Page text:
By Mara Certic
Hours after environmentalists held a Rally for Renewables at a LIPA board meeting on Thursday, residents and elected officials gathered at the Hampton Bays Community Center to discuss the future of renewable energy in the Town of Southampton.
The Southampton Sustainability Advisory Committee hosted its fourth annual public forum, which focused on “Green Power: Renewable Energy for Southampton’s Future.” Gordian Raacke, Clinton Plummer and John Francheschina gave presentations on their various expertise and answered questions from the public.
Co-chairs of the committee Dieter von Lehsten and Scott Carlin moderated the event, which was organized to provide Southamptonites more information about local and regional energy issues.
Mr. Raacke, president of Renewable Energy Long Island, spoke about East Hampton’s goal to provide 100 percent of the town’s energy from renewable sources and its relevance to Southampton.
According to Mr. Raacke, East Hampton’s decision to power all of its community-wide electricity needs with renewable energy by the year 2020 came after a close look at the town’s carbon footprint.
The majority of the town’s carbon emissions are from electricity consumption, Mr. Raacke said, hence the decision to conquer that sector first. It will focus on using renewable energy for its heating and transportation sectors by the year 2030.
“Obviously, we need to start where we have the greatest impact,” Mr. Raacke said, adding renewable technology for heating and transportation has “still a little ways to go.”
On December 17, LIPA is scheduled to decide whether or not it will go forward with proposed plans for large solar farms and a plan for an offshore wind farm 30 miles east of Montauk Point.
“LIPA will be facing a choice of going with business as usual,” Mr. Raacke said, “or with zero emissions, which will keep more of our energy dollars in the local economy.”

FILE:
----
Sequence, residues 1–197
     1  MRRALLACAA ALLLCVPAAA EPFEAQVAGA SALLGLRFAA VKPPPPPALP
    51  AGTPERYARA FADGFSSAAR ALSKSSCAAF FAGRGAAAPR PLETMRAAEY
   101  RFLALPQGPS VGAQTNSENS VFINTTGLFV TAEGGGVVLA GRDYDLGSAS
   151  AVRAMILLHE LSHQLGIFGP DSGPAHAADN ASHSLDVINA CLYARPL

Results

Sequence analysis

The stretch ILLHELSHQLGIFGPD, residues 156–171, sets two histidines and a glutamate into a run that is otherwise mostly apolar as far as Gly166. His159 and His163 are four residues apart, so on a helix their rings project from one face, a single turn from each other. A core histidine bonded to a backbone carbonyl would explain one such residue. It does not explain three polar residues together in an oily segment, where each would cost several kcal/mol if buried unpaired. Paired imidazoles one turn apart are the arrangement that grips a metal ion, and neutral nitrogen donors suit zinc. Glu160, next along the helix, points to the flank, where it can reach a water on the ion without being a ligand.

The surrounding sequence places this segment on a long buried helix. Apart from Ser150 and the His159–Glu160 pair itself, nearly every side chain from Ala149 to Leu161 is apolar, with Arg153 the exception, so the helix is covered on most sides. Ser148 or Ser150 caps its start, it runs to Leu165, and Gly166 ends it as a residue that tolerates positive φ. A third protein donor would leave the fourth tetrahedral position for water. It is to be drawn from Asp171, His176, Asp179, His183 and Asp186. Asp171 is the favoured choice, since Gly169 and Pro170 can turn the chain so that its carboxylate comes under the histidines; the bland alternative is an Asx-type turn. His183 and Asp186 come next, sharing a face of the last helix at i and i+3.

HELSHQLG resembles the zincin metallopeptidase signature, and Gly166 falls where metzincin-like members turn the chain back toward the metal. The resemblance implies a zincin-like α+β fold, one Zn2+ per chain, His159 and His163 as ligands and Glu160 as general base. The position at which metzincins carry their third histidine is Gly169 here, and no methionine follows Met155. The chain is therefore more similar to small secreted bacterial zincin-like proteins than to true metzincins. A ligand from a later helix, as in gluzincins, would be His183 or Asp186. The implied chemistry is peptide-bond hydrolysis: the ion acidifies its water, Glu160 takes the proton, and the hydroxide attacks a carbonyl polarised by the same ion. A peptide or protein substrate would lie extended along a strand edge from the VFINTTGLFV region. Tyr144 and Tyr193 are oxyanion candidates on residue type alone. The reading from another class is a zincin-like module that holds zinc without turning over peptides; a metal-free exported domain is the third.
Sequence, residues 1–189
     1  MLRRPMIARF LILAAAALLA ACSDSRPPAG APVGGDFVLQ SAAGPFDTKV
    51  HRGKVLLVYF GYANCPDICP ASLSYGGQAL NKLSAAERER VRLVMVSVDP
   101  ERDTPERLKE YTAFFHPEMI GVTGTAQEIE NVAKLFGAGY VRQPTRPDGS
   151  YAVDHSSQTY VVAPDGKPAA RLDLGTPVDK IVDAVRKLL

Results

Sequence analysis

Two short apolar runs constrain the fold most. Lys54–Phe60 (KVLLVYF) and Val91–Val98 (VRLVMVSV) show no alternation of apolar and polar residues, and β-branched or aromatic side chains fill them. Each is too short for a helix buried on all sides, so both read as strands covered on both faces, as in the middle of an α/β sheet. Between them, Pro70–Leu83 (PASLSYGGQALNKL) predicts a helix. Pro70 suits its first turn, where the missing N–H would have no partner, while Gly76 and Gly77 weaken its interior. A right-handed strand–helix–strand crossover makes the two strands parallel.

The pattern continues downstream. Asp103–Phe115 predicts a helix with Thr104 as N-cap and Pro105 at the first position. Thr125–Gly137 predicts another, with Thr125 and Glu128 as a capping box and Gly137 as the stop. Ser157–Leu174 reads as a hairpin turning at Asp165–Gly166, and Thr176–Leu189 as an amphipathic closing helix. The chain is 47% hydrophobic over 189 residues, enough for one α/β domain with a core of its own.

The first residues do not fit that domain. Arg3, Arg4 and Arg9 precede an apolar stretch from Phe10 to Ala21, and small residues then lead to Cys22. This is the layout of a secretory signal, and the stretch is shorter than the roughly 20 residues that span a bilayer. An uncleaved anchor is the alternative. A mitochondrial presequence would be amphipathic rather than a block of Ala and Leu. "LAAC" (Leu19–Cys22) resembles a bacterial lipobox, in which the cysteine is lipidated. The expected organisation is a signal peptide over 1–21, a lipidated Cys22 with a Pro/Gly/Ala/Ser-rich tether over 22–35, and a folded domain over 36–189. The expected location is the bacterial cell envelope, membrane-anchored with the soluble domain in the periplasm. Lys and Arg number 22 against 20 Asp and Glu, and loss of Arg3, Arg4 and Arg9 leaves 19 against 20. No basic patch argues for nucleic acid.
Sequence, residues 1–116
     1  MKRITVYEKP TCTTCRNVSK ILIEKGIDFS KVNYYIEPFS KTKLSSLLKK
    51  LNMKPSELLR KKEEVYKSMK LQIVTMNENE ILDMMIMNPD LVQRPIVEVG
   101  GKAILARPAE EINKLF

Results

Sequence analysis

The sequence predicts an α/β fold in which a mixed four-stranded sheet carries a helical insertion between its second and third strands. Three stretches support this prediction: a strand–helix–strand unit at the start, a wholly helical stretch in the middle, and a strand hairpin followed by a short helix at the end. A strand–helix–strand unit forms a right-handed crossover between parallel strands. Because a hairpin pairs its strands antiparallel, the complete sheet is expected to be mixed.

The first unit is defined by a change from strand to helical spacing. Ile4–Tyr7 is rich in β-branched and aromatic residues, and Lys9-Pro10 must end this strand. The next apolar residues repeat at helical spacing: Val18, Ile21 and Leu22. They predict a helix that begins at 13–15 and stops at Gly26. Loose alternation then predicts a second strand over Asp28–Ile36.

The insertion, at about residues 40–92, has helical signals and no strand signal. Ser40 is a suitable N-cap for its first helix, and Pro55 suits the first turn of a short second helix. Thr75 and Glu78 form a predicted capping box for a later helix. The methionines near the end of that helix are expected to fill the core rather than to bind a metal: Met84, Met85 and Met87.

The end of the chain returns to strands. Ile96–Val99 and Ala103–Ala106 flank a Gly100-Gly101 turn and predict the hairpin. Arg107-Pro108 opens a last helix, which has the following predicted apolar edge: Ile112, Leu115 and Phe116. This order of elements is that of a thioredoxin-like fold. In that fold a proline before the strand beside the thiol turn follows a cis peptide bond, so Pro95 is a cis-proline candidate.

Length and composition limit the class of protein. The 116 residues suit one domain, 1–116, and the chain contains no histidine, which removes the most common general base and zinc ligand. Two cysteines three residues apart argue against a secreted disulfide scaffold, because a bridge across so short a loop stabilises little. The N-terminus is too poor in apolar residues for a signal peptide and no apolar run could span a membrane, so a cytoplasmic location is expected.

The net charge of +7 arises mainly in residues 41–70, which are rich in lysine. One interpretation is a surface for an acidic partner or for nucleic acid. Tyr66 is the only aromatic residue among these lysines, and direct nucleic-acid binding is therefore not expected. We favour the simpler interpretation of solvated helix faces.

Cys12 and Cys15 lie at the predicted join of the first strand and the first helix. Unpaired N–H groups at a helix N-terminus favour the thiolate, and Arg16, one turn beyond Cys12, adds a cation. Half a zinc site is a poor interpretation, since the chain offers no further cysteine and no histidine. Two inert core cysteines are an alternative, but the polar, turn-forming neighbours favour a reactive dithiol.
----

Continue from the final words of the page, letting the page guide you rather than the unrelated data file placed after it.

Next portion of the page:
“If LIPA chooses fossil fuels, they’ll be burdening Long Island,” he said. The price is known and is fixed for renewable energy, he explained, whereas future gas and oil prices remain a mystery.
Clinton Plummer from Deepwater Wind then discussed the company’s proposal for a 35-turbine wind farm out in the Atlantic Ocean, invisible from the shore. The East End’s population has grown rapidly in recent years, Mr. Plummer said, which has put a huge strain on the electricity grid.
“When you have a hot day here on Long Island, offshore wind is producing at its absolute greatest,” he said. Deepwater ONE would increase Long Island’s supply of renewable energy by 47 percent, which, in turn, would decrease oil and gas usage by 7 million barrels a year, Mr. Plummer said.
A smaller pilot program off the coast of Block Island is on track to be in the water and fully operational by 2016. That will be the first offshore wind farm in the United States. The world’s first offshore wind farm, Vindeby in Denmark, has been fully operational since 1991.
On Thursday morning, 80 people showed up at a LIPA board meeting to show public support for the Deepwater ONE project. LIPA’s final meeting of the year will be on Wednesday, December 17. Mr. Plummer said he expects to hear the final verdict on the offshore wind farm by then.
Mr. Francheschina is the manager of residential efficiency programs for PSEG-LI, and gave a detailed presentation on some of the more affordable things homeowners can do to shrink their carbon footprints.
“The load is growing on the South Fork,” Mr. Francheschina said. “Either we need to lower the load or add more generation.”
In addition to rebates for geothermal systems and solar arrays, Mr. Francheschina described some of the ways Long Islanders can lower the demand for electricity. He explained rebate programs for less expensive products such as air purifiers, clothes dryers and even light bulbs.
PSEG-LI is currently holding a refrigerator recycling program that has a $50 rebate and also offers those who participate the chance to win an iPad, he said. PSEG-LI, with NYSERDA, also has a free home energy audit, where qualifying residents can learn specific ways to make their houses more energy efficient.
For more information about the efficiency programs, visit psegliny.com/efficiency